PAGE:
With the appointment of Rabbi Shrock tension between the two large synagogues developed. The Gardens Synagogue was the oldest synagogue and their rabbis considered themselves to be the leaders of the Jewish community. The G&SPHC, although initially intending to become a branch of the Gardens Synagogue, had opted for independence, and, as previously mentioned, Rabbi Shrock was to write “What a different tale there might have been to tell if the leaders of the Gardens had been more amenable to reason! But then, how were they to know that within twenty years or so, the Sea Point congregation would become the largest in the Cape?” He could not resist another dig at the Gardens Shul.

Furthermore, neither rabbi was prepared to be considered subservient to the other, one serving the oldest, the other the largest congregation and both guarding their self-importance. This could be seen both in Rabbi Abrahams demand that he be the only one to officiate at Rabbi Shrock’s induction, and in Rabbi Shrock’s sensitivity when he was excluded from invitations to participate in communal events.

In 1947 the committee complained to the Board of Deputies that Rabbi Shrock had been overlooked and not given the necessary honours by it and by the Dorshei Zion Association. In 1949 the committee met with the Board to complain that Rabbi Shrock’s name had been omitted as a patron of its United Appeal Campaign (25.7.1949). (He was then appointed a campaign vice-chairman.) It is difficult at this stage to ascertain if the sensitivity to rejection came from the rabbi or the committee – probably both, particularly seeing the committee’s touchiness when it came to Mr Sive’s claims.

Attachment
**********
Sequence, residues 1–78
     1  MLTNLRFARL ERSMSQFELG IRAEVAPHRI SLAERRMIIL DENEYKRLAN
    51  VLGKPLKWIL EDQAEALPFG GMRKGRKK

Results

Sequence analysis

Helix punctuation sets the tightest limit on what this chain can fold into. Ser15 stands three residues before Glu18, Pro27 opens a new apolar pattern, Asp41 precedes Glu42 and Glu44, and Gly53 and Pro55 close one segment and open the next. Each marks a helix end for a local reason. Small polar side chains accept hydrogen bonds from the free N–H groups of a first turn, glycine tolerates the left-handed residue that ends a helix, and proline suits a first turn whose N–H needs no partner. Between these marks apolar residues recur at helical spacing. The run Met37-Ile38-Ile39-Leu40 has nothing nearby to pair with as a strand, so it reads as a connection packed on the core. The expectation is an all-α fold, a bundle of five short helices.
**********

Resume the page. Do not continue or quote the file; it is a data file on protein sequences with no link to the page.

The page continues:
Rene Kleinman recalled in 2018 that Rabbi Shrock was a very nice rabbi, respected and liked by all, whereas Rabbi Abrahams had a big ego and did not get on with many people and was never considered to be the Chief Rabbi by the G&SPHC which prided itself on being a centrist synagogue[i].

Then Rabbi Abrahams gave instructions that Rabbi Shrock, who had been appointed by the United Council of Synagogues, was not to be called to the Beth Din (13.9.1949). This insult was a casus belli. Justice Joseph Herbstein was appointed to bring about peace. He presented a memorandum at a special meeting that he chaired with delegates from the Gardens Shul and the G&SPHC to restore unity. G&SPHC’s Abrahams and Mauerberger refused to meet unless Gardens Shul extended some gesture of goodwill to their congregation, and the only basis under which they would negotiate would be if Rabbi Shrock was recalled to take his place on the Beth Din.

Relations remained frozen with much personal animosity between the rabbis and the congregations but the Marais Road shul did agree to accept an invitation some months later to attend a Chanukah Service at the Gardens Shul on 18th December where a memorial plaque was unveiled to those members of the Gardens Shul who had made the supreme sacrifice as well as those who had served in the armed forces during the Second World War.